70 years after WWII, the Holocaust is still very important to American Jews
Seven decades after the end of World War II, most American Jews say remembering the Holocaust is essential to what being Jewish means to them, personally.
70 years after Hiroshima, opinions have shifted on use of atomic bomb
This first use of a nuclear weapon by any nation has long divided Americans and Japanese. Americans have consistently approved of this attack and have said it was justified. The Japanese have not. But opinions are changing: Americans are less and less supportive of their use of atomic weapons, and the Japanese are more and more opposed.
A Year Later, U.S. Campaign Against ISIS Garners Support
Nearly a year after the United States launched its first airstrikes against ISIS, the public remains broadly supportive of the military campaign.
Climate Change Seen as Top Global Threat
People in many countries around the world, particularly in Latin America and Africa, list climate change as a top worry. Americans, Europeans and Middle Easterners, however, most frequently cite ISIS as their top threat.
Key findings from our poll on the Russia-Ukraine conflict
Our survey looks at the Ukraine-Russia conflict through the eyes of eight NATO countries and in Ukraine and Russia to gauge what ordinary people think about the crisis.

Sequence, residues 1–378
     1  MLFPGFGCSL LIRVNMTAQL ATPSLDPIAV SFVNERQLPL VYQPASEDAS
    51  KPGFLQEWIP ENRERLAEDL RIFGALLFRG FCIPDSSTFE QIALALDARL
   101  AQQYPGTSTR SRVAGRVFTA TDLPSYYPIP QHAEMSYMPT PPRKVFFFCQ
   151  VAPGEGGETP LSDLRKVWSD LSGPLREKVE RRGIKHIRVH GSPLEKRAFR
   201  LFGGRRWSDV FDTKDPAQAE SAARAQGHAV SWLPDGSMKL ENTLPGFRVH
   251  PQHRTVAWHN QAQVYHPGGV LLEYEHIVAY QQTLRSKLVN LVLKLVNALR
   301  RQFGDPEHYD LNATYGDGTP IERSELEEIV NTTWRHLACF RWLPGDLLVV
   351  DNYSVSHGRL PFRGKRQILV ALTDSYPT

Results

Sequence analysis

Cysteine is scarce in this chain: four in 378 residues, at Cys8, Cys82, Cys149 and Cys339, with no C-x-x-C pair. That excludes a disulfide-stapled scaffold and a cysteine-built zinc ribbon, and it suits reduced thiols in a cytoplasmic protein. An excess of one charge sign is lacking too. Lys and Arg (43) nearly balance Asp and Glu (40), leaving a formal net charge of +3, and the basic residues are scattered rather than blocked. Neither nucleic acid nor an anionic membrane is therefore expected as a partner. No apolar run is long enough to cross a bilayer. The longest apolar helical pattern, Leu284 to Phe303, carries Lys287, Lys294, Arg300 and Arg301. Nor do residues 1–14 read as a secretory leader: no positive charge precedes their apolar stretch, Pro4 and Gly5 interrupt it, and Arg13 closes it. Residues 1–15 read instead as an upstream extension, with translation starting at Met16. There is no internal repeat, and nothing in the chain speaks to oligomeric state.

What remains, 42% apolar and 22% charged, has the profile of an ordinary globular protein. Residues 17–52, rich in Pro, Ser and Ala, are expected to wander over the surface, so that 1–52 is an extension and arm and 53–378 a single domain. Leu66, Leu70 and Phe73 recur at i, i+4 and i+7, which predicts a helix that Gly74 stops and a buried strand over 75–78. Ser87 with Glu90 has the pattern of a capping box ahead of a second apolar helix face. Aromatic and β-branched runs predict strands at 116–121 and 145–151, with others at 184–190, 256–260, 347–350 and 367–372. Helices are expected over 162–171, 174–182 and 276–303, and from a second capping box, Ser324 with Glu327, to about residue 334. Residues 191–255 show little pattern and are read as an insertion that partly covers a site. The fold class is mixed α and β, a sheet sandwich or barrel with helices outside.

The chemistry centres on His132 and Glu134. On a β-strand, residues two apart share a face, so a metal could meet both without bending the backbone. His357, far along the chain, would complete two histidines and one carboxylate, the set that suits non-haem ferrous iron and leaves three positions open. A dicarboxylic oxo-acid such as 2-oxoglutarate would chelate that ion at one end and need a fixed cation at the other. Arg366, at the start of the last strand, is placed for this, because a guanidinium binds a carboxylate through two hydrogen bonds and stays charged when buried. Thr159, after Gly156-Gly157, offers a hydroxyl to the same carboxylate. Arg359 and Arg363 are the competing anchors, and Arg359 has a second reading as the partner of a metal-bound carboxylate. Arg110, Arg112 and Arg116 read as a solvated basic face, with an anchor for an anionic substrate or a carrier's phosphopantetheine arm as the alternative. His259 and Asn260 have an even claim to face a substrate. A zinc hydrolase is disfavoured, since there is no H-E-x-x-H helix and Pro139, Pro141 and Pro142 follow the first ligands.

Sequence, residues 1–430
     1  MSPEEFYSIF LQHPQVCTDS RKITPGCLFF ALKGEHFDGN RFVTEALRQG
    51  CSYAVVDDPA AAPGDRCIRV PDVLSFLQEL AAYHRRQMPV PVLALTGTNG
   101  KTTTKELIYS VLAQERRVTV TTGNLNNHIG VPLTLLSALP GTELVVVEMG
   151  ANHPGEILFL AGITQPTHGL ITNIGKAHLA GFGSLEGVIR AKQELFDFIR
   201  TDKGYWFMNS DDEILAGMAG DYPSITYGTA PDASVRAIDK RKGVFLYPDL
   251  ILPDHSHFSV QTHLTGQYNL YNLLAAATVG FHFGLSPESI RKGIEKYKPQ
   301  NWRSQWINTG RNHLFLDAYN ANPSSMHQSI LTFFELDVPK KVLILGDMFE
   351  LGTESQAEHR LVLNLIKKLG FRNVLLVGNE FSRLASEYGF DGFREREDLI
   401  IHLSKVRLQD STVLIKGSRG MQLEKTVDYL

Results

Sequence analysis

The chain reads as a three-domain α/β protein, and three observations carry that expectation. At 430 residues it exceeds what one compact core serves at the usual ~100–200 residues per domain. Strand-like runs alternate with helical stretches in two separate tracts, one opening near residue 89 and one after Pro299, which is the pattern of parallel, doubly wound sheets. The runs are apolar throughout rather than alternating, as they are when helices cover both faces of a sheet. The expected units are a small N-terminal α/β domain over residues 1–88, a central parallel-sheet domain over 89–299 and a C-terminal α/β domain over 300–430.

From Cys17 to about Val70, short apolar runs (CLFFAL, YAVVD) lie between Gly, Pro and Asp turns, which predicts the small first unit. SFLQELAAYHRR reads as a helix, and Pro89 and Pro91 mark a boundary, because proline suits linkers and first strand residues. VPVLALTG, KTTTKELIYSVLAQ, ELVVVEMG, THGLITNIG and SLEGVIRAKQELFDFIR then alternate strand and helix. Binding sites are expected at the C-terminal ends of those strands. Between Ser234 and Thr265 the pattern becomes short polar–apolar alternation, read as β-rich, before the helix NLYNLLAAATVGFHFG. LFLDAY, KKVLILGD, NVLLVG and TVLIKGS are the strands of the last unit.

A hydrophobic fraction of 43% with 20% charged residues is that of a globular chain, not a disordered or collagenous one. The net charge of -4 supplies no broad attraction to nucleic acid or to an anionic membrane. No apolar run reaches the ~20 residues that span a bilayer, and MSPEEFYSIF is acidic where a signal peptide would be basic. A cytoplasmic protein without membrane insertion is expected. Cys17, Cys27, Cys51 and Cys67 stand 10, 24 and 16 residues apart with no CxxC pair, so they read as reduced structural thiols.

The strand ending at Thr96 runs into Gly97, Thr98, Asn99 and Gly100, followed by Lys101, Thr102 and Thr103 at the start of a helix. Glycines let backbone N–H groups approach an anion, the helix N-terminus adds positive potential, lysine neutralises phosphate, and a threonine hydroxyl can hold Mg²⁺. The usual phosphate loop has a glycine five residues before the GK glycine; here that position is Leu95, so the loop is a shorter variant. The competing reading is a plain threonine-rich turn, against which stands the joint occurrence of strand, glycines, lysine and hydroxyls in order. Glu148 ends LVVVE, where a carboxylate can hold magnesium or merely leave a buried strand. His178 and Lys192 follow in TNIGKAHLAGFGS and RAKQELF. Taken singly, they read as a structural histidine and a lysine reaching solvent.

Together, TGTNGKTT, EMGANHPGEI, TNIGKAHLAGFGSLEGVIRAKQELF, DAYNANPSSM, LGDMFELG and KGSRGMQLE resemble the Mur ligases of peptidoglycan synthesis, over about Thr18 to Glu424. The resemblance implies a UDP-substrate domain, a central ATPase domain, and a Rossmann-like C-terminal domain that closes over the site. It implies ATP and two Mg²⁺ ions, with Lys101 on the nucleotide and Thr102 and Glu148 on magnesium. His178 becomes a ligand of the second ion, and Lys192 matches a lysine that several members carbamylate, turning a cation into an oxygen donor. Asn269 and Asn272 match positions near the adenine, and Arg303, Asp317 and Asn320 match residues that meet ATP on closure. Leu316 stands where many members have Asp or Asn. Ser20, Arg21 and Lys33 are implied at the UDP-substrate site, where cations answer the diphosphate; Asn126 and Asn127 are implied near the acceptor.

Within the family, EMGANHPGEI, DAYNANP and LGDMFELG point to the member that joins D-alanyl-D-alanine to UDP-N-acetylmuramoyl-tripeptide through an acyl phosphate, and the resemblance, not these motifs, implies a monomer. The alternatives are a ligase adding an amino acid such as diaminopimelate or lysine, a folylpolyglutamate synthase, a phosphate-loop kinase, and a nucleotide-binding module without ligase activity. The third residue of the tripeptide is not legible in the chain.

How NATO Publics View Ukrainian Crisis
Publics of key NATO member nations blame Russia for the ongoing conflict in Ukraine, but few support sending arms to Ukraine. And half of Russians see NATO as a military threat, while Ukrainians favor joining NATO.
Memorial Day: About half of veterans of post-9/11 wars served with someone who was killed
About half of Iraq and Afghanistan war veterans (47%) said that they served with a comrade that had been killed. That number rises to 62% among soldiers who were in combat.
40 years after fall of Saigon, Vietnamese see U.S. as key ally
Four decades after the controversial war, the Vietnamese public sees the United States as a helpful ally and even embraces some of the core tenets of capitalism.
Refugees stream into Europe, where they are not welcomed with open arms
Many Europeans, especially in the continent’s south, hold negative views of immigrants and are concerned about new arrivals from outside the EU.
For the U.S. and Japan, legacy of WWII is still painful
The U.S. dropping atomic bombs on Hiroshima and Nagasaki has long divided Americans and Japanese: 56% of Americans say it was justified, versus 14% of Japanese.